Published on May 28th, 2022 | by Richard Banks
Sifu PS5 Review
Summary: A wonderfully difficult beat-'em-up that puts the player at the forefront of their very own martial arts epic.
Sifu pulls no punches with its refreshing take on the roguelike genre. With tight combat and inventive level design, Sifu boasts one of the best martial arts experiences available from a video game in years – even with its punishing difficulty.
Hitting familiar beats to, well, every martial arts film ever, Sifu starts with your nameless protagonist witnessing the murder of your father at the hands of a group of disgraced students. After a cool intro mocked up as a training montage, your now grown-up Kung-Fu hero thrusts themselves into a tale of revenge as they vow to kill off the gang that murdered their father years before. The overall story is pretty generic, but thanks to titbits of information hidden throughout each map, the world soon becomes easy to sink into as you explore the criminal underworld where your enemies hide.
But it’s Sifu’s unique roguelike system that really sets it apart from its contemporaries. Rather than dying upon defeat, your protagonist wakes up a year older, starting out as a 20-year-old spritely fighting champion, going all the way up to one last life at the ripe old age of 70. Several ‘deaths’ in a row leads you to age up quicker, but taking out enemies reduces the number of years you lose upon defeat. It’s imperative to stay as young as possible for as long as possible, as each area needs clearing in one lifetime – get to that last life at 70 and die, and any surviving bosses escape their fate, meaning you have to start again from the top. In another nice touch, as you age, your stamina pool shrinks but your character puts out more damage, reflecting the protagonist undergoing the ageing process whilst furthering their stance as a martial arts champion.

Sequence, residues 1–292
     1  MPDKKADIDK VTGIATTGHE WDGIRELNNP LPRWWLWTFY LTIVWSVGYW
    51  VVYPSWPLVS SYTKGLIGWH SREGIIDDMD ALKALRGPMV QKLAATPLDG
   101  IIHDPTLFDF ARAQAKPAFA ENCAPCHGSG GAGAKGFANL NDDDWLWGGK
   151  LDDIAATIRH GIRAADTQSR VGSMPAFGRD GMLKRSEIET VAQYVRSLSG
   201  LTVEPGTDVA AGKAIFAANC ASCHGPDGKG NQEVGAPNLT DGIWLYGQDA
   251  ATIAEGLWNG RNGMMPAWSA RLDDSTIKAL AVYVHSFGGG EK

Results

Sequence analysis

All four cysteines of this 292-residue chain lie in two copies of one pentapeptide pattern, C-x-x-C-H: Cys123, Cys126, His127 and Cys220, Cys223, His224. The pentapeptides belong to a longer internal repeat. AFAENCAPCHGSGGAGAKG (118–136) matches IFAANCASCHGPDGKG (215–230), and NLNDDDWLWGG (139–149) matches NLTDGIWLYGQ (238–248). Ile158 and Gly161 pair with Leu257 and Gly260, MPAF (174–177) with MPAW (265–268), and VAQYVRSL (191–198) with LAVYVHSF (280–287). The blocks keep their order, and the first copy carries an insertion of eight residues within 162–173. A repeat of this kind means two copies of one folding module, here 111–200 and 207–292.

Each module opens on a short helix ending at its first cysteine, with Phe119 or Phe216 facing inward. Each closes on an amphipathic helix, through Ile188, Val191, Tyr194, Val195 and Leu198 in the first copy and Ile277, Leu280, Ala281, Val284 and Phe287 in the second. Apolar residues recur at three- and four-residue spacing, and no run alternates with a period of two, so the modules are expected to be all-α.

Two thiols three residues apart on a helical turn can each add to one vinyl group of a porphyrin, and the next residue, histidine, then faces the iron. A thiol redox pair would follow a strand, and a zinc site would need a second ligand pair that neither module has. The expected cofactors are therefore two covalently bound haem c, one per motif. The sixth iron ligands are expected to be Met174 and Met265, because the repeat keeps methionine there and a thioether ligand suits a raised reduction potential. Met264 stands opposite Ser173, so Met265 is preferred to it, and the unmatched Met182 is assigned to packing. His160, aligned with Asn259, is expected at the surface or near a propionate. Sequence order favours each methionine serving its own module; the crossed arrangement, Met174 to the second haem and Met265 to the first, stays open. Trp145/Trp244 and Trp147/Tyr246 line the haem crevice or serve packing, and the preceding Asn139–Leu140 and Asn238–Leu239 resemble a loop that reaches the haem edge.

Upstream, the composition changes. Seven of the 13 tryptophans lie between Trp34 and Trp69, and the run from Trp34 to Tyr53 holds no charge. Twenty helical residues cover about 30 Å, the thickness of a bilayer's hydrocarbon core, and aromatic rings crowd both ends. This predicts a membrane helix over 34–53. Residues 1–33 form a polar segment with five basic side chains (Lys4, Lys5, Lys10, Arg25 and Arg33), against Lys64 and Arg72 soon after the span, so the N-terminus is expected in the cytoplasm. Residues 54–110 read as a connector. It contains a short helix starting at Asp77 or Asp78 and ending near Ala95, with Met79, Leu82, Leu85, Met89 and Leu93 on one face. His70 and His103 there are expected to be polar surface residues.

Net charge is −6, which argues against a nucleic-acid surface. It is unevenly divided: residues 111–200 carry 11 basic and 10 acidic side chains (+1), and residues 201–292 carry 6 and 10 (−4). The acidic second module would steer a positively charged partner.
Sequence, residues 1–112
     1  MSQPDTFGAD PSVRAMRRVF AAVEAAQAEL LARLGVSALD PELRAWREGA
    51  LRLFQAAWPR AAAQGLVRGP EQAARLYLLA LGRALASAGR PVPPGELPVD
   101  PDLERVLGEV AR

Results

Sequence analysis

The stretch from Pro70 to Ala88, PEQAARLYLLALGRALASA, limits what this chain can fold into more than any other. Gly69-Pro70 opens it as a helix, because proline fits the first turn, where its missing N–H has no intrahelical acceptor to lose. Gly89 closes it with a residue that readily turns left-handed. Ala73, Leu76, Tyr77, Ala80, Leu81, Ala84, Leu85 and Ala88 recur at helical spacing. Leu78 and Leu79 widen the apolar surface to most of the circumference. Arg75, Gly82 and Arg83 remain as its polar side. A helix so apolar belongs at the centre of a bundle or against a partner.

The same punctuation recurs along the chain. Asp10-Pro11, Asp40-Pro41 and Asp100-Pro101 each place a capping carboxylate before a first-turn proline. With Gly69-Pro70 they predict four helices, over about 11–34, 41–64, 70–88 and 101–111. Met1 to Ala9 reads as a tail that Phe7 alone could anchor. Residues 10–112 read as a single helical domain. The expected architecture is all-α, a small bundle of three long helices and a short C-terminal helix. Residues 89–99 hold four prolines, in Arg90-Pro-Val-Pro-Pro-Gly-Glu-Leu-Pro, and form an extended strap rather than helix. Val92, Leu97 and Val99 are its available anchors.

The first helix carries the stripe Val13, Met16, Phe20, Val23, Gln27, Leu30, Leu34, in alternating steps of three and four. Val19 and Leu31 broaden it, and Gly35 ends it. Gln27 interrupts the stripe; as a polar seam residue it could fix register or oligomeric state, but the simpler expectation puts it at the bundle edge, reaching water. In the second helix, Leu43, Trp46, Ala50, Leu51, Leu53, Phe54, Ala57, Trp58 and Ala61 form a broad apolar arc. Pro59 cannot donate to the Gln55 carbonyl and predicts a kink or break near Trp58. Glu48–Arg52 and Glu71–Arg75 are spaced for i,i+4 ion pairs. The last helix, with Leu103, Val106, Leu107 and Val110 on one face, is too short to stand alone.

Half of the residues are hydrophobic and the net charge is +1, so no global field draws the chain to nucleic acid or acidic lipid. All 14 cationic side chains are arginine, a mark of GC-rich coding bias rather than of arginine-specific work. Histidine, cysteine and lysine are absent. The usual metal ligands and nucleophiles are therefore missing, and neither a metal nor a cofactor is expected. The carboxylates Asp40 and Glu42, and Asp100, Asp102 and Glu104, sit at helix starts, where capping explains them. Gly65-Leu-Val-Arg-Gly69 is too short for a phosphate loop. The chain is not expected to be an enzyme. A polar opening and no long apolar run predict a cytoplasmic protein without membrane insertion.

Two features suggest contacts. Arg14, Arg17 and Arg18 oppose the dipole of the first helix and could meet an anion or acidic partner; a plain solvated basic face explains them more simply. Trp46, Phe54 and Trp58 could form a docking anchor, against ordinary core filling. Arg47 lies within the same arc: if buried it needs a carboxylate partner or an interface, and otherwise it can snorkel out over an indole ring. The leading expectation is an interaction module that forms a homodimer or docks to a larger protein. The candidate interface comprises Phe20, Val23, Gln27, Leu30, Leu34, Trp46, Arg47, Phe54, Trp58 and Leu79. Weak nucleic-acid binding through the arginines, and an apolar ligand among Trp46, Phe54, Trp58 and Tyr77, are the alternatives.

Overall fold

Ageing up isn’t all negative, though, as it also allows you to redeem well-earned experience points, unlocking new moves and stats that make run-throughs easier. Some of these buffs aren’t immediately noticeable, like minor stat changes, but some of the more impressive – and expensive – unlockable moves become almost necessary, especially in later fights. Gaining the ability to grab enemy weapons mid-air, for example, can mean the difference between a cheap death and pulling off an impressive combat counter-attack if timed right. Likewise, the deadly Raining Strikes combo can put an enemy out of business for the vital few seconds it takes you to gain the upper hand. While, as standard, these unlock reset each run, many of these can be permanently unlocked for a hefty fee, helping future runs lean to your favour.
And you’ll need all the help you get. Sifu is hard, and success is really a mixture of trial, error, and more than a pinch of luck. It’s possible to get good at Sifu, and those used to pulling off successful combos in the beat-’em-ups of old will find much of Sifu easy to grasp, but mastering it will take hours of practice. Much of the combat revolves around tapping two buttons to link together attacks, with the rest of the controller reserved for dodging and blocking. It’s incredibly fast-paced stuff – and with multiple assailants surrounding you – Sifu can sometimes be overwhelming. From one direction, a foot sweeps across the floor, begging to bring you to the ground, while at the same time, a bottle sails its way from across the room, vying for my face. After a quick recovery, multiple punches come rolling in from a quick-footed fighter – all whilst a heavily built foot soldier threatens to throw you across the room, provided you don’t roll away in time.